Douglas Holtz-Eakin, president of the American Action Forum, a conservative research group, said he is skeptical of the notion that corporate power has hurt consumers. He and other Republicans say the rise of big companies such as Walmart, Home Depot and Amazon has benefited U.S. consumers by helping to push down prices.

“I take all of this talk with a healthy dose of show me,” Mr. Holtz-Eakin said. While Republicans could likely get behind some of Mr. Biden’s proposals—such as pushing back against firms forcing workers to sign noncompete clauses or states imposing what some workers say are unnecessary licensing requirements on workers—other ideas may go too far.

Some research has found less cause for concern around business consolidation. “There are reasons to be cautious about concluding that market concentration has risen or is a meaningful problem for market competition and consumer welfare,” Nancy Rose, a professor in the economics department of the Massachusetts Institute of Technology, concluded in a 2019 examination of research on the issue, citing measurement challenges among reasons for skepticism.

. . .

With the rise of a few big companies, jobs also have become concentrated there. John Haltiwanger, a University of Maryland professor, finds that the share of U.S. jobs at young, small firms declined to 16% in 2018 from 26% in 1987. During the same period, the share of jobs in older, larger firms rose from 41% to more than half.

Mr. Haltiwanger’s research shows that the U.S. economy became less dynamic during this period, with fewer new jobs created by startup firms, less job-hopping by workers seeking out new opportunities and slower worker productivity growth.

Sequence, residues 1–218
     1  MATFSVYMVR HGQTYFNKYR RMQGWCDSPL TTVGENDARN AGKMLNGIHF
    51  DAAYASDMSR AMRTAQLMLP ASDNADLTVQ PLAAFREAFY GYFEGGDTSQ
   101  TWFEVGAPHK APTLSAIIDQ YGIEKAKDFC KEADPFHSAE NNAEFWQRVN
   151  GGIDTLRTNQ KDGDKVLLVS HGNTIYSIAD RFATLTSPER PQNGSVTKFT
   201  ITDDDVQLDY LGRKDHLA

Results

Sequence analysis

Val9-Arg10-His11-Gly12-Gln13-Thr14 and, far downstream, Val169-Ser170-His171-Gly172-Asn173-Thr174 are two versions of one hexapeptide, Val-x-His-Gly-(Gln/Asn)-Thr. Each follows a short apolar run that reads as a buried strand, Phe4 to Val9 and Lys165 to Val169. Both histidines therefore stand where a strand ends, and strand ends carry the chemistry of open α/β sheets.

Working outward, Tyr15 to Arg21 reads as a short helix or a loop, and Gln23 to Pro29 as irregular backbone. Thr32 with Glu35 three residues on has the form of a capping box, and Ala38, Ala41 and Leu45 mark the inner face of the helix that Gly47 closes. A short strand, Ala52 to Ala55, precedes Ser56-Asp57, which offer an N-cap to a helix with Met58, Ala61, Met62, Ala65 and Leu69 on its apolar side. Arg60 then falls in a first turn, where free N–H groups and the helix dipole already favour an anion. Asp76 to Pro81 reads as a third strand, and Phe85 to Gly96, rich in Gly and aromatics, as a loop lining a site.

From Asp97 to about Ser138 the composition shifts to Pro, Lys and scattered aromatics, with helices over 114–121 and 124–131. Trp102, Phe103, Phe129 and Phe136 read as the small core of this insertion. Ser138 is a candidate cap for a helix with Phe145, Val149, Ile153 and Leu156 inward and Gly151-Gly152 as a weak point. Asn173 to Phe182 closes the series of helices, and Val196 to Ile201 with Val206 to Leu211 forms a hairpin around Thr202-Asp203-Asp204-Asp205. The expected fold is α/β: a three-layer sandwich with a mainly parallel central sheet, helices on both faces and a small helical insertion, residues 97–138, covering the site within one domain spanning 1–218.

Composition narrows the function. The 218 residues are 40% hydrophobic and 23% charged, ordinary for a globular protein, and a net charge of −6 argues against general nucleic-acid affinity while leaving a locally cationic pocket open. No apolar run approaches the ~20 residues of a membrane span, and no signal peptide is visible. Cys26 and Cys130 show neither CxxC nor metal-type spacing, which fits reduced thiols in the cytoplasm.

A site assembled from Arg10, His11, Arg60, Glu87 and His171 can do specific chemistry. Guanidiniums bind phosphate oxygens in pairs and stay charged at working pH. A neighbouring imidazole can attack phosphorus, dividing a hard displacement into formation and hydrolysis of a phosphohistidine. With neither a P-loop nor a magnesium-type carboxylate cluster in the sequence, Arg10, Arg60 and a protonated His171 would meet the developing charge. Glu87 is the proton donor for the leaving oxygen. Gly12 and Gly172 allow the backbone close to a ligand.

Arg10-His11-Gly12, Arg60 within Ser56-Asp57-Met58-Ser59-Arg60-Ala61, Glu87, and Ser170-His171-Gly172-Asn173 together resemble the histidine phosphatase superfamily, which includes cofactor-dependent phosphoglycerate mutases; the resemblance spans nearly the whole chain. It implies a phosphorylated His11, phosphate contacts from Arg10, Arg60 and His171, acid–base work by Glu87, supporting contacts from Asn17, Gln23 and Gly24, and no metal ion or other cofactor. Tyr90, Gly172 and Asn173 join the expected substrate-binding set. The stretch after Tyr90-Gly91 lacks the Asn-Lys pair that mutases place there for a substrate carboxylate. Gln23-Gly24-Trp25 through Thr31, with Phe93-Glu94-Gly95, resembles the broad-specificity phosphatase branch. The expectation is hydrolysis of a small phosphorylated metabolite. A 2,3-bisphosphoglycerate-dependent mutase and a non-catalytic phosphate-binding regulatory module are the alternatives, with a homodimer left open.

. . .

Mr. Haltiwanger said the competition dynamics might now be changing due to the coronavirus pandemic. Tracking business identification data from the Internal Revenue Service, he spotted a surge in business formations in the second half of 2020, a trend that persisted into 2021.

“It is off the charts,” he said. “I think we discovered during the pandemic that our technological infrastructure is just phenomenal. We can do almost anything we want from anywhere. That leads to lots of market opportunities. I think there is going to be a surge of dynamism. The question is will it be transitory, or true innovation?”

For the full story, see:

Jon Hilsenrath. “Economic Competition Scrutinized.” The Wall Street Journal (Monday, July 12, 2021): A4.

(Note: ellipses added.)

(Note: the online version of the story has the date July 11, 2021, and has the title “Biden Stakes Out Position in Debate Over Power of Big Companies.”)

China Removed Gene Sequences from NIH Data Base Related to Covid-19 Origin